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    Adult ADHD and Your Relationships

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    Does your husband complain that you never listen? Does your wife say she feels like you’re just one more child in the house? Have your friends lost patience with you because you’re late all the time?

    ADHD could be to blame. The condition starts in childhood, but it can stay into adulthood. Some people don’t even know they have ADHD until they’re adults. And if you have it, it could be causing relationship problems.

    Learn the red flags and what to do about them.

    5 Warning Signs

    While everyone is different, some common problems seem to affect the relationships of adults with ADHD. Do the following complaints sound familiar to you?

    1. ''Do you even hear what I’m saying?''

    If you have the condition, your loved ones and friends might have a hard time getting your full attention.

    That’s one reason why they might get frustrated with you. On the other hand, you might feel like they're nagging you.

    2. ''You never pull your weight around here.''

    Mowing the lawn. Washing the dishes. Folding clothes. Household chores can be a challenge when you have adult ADHD.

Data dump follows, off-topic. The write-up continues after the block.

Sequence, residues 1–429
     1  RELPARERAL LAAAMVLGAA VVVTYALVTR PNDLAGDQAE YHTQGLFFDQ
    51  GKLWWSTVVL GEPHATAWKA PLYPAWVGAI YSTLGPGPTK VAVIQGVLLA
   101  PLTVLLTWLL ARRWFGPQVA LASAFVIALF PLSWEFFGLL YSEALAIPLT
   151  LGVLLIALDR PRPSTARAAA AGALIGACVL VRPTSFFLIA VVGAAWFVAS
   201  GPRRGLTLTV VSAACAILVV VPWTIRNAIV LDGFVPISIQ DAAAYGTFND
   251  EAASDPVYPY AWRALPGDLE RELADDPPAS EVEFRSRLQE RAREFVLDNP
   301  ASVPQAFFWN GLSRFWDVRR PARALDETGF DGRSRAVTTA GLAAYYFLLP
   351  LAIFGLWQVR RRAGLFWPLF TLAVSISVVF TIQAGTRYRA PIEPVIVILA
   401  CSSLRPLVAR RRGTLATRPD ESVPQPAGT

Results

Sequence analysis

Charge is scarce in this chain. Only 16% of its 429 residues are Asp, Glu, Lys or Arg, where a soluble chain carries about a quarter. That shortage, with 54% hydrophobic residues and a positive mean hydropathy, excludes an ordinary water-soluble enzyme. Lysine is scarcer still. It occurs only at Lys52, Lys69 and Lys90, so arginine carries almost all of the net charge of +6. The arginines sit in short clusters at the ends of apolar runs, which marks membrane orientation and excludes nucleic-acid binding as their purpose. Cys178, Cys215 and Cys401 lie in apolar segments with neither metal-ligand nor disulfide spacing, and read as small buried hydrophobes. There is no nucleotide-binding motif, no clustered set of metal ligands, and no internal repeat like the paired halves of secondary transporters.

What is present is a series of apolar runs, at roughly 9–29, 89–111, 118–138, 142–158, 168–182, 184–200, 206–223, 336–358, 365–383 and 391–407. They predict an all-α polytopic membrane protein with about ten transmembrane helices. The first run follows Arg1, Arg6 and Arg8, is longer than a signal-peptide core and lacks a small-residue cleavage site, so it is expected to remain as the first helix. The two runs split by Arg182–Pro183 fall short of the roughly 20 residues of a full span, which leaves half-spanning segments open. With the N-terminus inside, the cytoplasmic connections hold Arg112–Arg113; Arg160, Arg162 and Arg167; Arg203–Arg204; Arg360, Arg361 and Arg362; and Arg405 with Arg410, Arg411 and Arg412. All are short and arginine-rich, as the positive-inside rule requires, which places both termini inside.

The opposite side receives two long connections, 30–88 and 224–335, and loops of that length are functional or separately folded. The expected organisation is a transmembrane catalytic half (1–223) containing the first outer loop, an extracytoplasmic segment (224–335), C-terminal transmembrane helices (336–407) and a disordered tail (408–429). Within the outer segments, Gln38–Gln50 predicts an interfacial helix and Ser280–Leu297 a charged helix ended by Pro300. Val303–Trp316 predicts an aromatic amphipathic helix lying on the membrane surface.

If the people you live with tell you that you aren’t doing enough, take a step back and consider whether they’re right. When was the last time you took out the trash? Is your clutter taking over the house?

    Your family members may be doing more than their fair share of keeping the household running smoothly.

    3. ''You never do what you say you’re going to do.''

    You meant it when you said you’d get to your son’s basketball game by 4:30 p.m. You really did. But then you got distracted at work, and your cell phone rang, and then you realized you needed to pick up the dry cleaning. And before you knew it, the game was over -- and you were in the dog house.

    ''People with ADHD very much intend to do something when they say it. It’s not like some problems where people lie or are deceitful,'' says Steven Safren, PhD, director of behavioral medicine in the department of psychiatry at Massachusetts General Hospital.

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